I wrote this to my Worship Team a few nights before Easter and sent it on Easter Sunday morning:
My Beloved Worship Team,
For the first time in 15 years, I am not able to be with you all and share our traditional Easter Sunday brunch together. For the past 5 years I’ve scurried around during Holy Week setting up centers for Good Friday, practicing our special music, arranging flowers around our old rugged cross, getting the Upper Stage Room ready with centerpieces and picking up a special treat to enjoy together. I feel thrown off, completely undone, and it’s dizzying how we ended up here. Instead of feeling excited with great expectation, I feel heavy-burdened by all the loss and grief, and utterly alone without you, even as I am with my warriors about to go do this Easter Sunday worship together.
This will surely be an Easter to remember, and needless to say, not because it’s a joyful celebration. We’ve experienced so much death this Lenten season, I almost want to say let’s skip Lent next year. Or for the next few years. Even as we get ready to sing together, I still find myself asking God, How long, O Lord? How much longer, O Lord? Why, O Lord?
But today is about resurrection. Even as my heart is wrenched, I feel myself being pulled by the power of resurrection. We’ve experienced that agonizing Saturday much too long this season. And I desperately want to believe the word of the women, that Jesus is risen! Could it be true? Has he really rolled the stone away? Has he really entered this room, THIS room of doubt, fear, anxiety, and questioning? Are we allowed to… can we celebrate his resurrection and victory over death? When I imagine his disciples in that room as they realized Jesus had come in, I don’t necessarily imagine joyful celebration. I imagine just absolute shock and disbelief (a la Thomas) and incessant weeping. Just incessant weeping. At least that is how I would react.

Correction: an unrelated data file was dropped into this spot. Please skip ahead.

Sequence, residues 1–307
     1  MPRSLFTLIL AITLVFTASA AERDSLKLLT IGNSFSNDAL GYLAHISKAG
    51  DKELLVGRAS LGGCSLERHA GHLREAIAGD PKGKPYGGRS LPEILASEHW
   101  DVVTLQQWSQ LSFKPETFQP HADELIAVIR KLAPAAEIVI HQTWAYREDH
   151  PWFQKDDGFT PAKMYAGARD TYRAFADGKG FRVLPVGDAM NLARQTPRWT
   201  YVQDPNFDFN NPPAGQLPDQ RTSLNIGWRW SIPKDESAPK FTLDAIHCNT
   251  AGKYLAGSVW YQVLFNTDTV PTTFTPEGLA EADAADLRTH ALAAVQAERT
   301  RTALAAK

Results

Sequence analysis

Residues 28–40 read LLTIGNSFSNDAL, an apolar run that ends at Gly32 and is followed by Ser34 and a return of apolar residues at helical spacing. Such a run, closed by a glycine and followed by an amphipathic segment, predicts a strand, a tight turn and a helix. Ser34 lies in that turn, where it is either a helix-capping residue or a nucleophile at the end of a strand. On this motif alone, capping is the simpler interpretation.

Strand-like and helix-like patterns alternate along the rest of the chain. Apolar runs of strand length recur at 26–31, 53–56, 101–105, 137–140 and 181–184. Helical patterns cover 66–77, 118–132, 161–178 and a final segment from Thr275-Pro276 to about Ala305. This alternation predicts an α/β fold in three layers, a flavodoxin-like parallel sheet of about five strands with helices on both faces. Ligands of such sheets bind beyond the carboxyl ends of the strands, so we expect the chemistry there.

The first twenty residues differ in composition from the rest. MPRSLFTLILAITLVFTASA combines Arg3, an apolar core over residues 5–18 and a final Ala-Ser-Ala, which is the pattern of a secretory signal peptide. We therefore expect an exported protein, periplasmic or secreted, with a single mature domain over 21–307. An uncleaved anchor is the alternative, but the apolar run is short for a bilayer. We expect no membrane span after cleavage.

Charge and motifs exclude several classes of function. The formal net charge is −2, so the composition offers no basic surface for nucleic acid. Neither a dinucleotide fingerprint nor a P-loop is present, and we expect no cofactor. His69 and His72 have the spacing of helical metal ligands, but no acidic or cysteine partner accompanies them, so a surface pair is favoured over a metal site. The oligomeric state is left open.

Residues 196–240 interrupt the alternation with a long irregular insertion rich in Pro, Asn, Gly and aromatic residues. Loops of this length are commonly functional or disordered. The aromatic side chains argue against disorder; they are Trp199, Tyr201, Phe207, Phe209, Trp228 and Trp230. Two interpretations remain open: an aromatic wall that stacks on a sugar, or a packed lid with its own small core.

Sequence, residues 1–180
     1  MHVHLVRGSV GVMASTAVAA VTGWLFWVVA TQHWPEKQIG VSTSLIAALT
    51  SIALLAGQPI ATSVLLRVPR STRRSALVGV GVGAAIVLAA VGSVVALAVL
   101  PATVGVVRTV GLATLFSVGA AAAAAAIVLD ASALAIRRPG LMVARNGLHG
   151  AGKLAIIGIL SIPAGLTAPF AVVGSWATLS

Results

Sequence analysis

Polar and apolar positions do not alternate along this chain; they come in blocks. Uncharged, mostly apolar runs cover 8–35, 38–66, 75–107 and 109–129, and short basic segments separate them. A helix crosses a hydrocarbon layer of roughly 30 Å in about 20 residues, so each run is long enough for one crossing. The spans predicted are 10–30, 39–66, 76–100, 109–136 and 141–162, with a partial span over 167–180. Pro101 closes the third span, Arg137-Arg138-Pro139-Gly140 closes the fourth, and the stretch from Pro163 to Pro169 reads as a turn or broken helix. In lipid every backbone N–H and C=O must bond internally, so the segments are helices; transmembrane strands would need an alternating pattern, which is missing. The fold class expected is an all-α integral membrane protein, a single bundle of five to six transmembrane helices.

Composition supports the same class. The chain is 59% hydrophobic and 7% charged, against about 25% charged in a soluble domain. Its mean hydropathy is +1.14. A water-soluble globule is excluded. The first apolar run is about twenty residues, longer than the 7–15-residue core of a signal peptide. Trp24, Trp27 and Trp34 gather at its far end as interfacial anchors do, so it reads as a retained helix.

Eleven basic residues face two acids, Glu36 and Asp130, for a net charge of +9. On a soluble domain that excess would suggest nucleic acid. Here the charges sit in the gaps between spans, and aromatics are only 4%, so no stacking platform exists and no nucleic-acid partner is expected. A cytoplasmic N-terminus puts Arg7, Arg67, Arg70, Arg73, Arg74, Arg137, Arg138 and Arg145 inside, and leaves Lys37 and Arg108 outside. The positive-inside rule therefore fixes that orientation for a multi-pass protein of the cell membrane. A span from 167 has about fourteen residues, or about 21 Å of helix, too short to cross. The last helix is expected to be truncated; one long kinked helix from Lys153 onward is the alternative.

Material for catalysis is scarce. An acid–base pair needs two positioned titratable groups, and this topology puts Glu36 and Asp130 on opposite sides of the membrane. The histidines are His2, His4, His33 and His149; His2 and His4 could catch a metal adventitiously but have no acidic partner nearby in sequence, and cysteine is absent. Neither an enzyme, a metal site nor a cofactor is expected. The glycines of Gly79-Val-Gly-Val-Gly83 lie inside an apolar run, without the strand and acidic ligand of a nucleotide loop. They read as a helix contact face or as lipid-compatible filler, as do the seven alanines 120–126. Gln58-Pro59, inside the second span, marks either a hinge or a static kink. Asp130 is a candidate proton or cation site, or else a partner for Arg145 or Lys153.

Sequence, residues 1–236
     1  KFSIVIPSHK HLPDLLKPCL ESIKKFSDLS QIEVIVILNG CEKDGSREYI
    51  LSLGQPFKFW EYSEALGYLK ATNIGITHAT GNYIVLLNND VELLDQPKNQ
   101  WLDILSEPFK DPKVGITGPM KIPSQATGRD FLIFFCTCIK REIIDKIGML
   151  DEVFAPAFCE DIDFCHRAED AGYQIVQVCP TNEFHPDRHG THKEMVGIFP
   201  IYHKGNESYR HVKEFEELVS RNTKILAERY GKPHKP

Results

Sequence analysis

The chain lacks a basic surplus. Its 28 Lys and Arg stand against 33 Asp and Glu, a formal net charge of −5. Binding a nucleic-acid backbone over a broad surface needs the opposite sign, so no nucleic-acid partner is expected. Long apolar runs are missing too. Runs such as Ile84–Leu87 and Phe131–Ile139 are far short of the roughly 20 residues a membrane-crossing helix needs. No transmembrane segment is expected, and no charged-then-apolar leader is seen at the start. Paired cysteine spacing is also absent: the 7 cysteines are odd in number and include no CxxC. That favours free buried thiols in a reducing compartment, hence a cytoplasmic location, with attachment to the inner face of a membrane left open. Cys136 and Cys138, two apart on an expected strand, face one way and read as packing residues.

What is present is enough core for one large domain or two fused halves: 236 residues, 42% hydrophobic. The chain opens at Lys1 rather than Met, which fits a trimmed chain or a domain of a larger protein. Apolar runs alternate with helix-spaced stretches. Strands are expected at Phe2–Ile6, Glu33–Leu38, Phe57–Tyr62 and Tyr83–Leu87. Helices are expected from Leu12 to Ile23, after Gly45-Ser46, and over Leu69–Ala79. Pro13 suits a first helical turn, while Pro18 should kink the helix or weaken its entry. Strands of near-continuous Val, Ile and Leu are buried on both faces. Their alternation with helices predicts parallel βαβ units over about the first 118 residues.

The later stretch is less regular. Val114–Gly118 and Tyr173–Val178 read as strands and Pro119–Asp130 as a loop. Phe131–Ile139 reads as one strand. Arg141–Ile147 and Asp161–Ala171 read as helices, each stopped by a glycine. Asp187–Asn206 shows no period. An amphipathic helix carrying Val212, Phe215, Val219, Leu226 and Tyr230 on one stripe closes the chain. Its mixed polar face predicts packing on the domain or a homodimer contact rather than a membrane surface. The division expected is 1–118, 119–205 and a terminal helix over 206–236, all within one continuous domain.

And that is my reaction now. It feels altogether impossible to celebrate resurrection when there is so much death around us. But as Christians, we hope for the day when all of our sorrows and tears will pass away. We can trust in the one who will restore all things to wholeness and make everything right. One day. And we recognize that day is not today. And so while we praise God for the resurrection this Easter, we can also cry out and ask him our why’s. His faithfulness is not contingent upon our faithfulness. And that’s a relief.
It’s true, we’re physically apart, but we are woven together by the thread that is faith in the resurrection of Christ. Let’s worship with one heart, one mind, one accord today. As one body. Just as he’s called us to. Miss you and love you so very much.